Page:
Reporting a Violation
The JMU Honor System has jurisdiction over conduct that involves academic dishonesty. The Honor Council may not respond to a possible Honor Code violation reported more than 60 days after the occurrence of the event.
A student who is the subject of an honor investigation or who has been charged with an Honor Code violation may not graduate from the university until the case is dismissed, the charges are dropped, the student is found not responsible, or a responsible finding is reversed by an appeal body.
In addition to the online version, the entire Reporting a Violation guide is available for download as a PDF.
Options for Reporting an Honor Code Violation
Direct Report to the Instructor
A member of the JMU community should immediately refer the matter directly to the faculty member teaching the course in which the possible violation took place. The reporter should provide the faculty member with the following information:
- The name of the individual making the report
- The phone number or e-mail address of the individual making the report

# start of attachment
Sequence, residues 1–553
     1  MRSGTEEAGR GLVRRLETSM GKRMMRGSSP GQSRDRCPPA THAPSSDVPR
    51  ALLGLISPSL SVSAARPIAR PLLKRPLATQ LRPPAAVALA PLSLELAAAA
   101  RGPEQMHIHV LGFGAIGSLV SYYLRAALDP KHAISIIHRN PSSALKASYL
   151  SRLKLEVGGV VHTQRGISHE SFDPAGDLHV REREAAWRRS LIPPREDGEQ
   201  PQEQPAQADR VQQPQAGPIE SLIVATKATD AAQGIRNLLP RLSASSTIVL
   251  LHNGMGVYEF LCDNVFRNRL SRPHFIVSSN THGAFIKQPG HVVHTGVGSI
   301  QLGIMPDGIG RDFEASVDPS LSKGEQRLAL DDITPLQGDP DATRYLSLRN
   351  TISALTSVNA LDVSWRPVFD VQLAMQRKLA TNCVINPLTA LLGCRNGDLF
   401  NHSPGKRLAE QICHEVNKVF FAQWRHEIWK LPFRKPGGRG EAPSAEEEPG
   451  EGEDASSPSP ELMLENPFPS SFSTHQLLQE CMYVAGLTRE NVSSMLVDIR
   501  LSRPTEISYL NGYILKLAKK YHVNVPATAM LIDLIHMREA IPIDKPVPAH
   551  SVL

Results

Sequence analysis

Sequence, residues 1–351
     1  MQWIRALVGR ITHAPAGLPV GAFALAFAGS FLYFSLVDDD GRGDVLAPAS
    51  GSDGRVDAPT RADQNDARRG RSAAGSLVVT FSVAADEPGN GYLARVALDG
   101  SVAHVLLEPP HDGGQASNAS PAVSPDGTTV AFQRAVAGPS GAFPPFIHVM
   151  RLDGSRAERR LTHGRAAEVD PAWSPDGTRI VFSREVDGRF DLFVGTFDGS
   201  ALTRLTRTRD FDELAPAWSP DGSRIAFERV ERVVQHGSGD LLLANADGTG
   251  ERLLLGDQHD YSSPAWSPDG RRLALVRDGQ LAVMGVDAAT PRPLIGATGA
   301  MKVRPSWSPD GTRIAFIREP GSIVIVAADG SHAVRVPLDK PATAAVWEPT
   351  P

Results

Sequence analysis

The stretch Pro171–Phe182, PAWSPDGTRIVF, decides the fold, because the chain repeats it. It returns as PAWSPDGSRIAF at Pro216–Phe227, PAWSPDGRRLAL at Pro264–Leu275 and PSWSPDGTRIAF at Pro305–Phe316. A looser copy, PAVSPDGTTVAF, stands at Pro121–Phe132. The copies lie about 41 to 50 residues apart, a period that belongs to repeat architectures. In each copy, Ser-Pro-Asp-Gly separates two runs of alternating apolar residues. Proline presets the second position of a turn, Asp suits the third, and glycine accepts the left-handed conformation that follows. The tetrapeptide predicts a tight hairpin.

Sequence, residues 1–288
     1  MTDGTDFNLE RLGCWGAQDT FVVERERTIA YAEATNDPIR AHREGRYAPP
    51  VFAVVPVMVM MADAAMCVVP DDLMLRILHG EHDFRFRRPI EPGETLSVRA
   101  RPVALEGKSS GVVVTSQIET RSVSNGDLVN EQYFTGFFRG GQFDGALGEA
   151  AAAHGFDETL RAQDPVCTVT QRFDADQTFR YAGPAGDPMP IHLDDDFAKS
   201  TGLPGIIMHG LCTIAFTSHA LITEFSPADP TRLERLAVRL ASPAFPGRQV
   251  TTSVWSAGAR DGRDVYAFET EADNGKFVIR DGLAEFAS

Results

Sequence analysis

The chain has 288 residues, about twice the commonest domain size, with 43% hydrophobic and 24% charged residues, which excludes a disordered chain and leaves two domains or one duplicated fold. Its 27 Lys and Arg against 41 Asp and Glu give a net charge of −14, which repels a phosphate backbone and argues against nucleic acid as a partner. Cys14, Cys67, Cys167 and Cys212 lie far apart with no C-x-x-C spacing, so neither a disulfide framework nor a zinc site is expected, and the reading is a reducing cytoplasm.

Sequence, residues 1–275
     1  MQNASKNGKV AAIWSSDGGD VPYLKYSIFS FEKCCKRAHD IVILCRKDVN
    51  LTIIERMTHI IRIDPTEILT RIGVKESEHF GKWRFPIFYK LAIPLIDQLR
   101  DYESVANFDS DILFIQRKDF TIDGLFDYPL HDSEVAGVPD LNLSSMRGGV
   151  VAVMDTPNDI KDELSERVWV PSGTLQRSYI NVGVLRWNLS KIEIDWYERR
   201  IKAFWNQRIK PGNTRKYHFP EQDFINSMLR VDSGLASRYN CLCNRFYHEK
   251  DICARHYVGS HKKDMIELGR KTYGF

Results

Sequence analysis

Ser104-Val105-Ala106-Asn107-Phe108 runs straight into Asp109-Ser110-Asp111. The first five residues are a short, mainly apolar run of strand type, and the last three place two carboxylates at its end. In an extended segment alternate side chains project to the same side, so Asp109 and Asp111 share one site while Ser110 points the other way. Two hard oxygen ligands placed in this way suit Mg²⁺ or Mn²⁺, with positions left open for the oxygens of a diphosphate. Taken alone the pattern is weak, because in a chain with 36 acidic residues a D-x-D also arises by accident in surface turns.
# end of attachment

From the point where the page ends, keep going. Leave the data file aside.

- The conduct observed by the individual making the report
- The names of others who might have observed the conduct
An individual who makes a report directly to a faculty member may be subsequently asked to appear before an Honor Council hearing panel. Consequently, the Honor System cannot assure anyone reporting a possible Honor Code violation that his or her identity will remain confidential. Individuals who are not prepared to appear before an Honor Council hearing panel should not report possible violations to a faculty member. Once the faculty member receives information, the faculty member may resolve the matter using either the formal or informal resolution. Note: If the possible violation does not relate primarily to a specific course (e.g., a student is believed to be selling papers for use in several courses), the information should be immediately reported to the Honor Council Coordinator.
Direct Report to Honor Council
If the possible Honor Code violation does not involve a specific course, other members of the James Madison University Honor Council should report the possible Honor Code violation to an Honor Council investigator. For instance, the community member believes that a student is selling term papers to other students.
The Informal Process
Informal resolution procedures permit a faculty member to attempt a direct resolution of a possible Honor Code violation with a student. Informal resolution procedures permit faculty members to attempt to resolve possible Honor Code violations with accused students without having to refer incidents to the Honor Council for formal investigations.